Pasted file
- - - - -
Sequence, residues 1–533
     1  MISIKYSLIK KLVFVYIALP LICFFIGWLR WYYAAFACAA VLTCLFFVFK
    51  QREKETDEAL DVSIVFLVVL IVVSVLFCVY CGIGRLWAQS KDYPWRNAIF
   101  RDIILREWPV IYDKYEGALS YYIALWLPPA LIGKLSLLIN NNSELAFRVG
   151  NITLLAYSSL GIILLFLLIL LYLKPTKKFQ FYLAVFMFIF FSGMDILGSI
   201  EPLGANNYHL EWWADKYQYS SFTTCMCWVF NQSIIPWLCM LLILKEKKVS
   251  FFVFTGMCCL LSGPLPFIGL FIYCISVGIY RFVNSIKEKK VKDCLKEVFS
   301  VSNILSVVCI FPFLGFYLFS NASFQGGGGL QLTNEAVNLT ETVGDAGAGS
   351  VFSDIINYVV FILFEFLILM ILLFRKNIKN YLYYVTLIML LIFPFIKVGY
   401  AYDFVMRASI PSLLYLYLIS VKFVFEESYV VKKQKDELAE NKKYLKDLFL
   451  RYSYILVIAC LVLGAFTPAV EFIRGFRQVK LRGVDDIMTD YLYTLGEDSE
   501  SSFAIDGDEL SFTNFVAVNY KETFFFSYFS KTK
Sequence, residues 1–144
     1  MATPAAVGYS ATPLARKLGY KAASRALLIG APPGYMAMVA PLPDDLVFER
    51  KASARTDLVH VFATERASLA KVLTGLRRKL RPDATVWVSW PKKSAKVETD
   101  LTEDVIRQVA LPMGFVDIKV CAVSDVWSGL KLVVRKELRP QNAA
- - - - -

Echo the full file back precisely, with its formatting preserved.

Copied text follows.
Sequence, residues 1–533
     1  MISIKYSLIK KLVFVYIALP LICFFIGWLR WYYAAFACAA VLTCLFFVFK
    51  QREKETDEAL DVSIVFLVVL IVVSVLFCVY CGIGRLWAQS KDYPWRNAIF
   101  RDIILREWPV IYDKYEGALS YYIALWLPPA LIGKLSLLIN NNSELAFRVG
   151  NITLLAYSSL GIILLFLLIL LYLKPTKKFQ FYLAVFMFIF FSGMDILGSI
   201  EPLGANNYHL EWWADKYQYS SFTTCMCWVF NQSIIPWLCM LLILKEKKVS
   251  FFVFTGMCCL LSGPLPFIGL FIYCISVGIY RFVNSIKEKK VKDCLKEVFS
   301  VSNILSVVCI FPFLGFYLFS NASFQGGGGL QLTNEAVNLT ETVGDAGAGS
   351  VFSDIINYVV FILFEFLILM ILLFRKNIKN YLYYVTLIML LIFPFIKVGY
   401  AYDFVMRASI PSLLYLYLIS VKFVFEESYV VKKQKDELAE NKKYLKDLFL
   451  RYSYILVIAC LVLGAFTPAV EFIRGFRQVK LRGVDDIMTD YLYTLGEDSE
   501  SSFAIDGDEL SFTNFVAVNY KETFFFSYFS KTK
Sequence, residues 1–144
     1  MATPAAVGYS ATPLARKLGY KAASRALLIG APPGYMAMVA PLPDDLVFER
    51  KASARTDLVH VFATERASLA KVLTGLRRKL RPDATVWVSW PKKSAKVETD
   101  LTEDVIRQVA LPMGFVDIKV CAVSDVWSGL KLVVRKELRP QNAA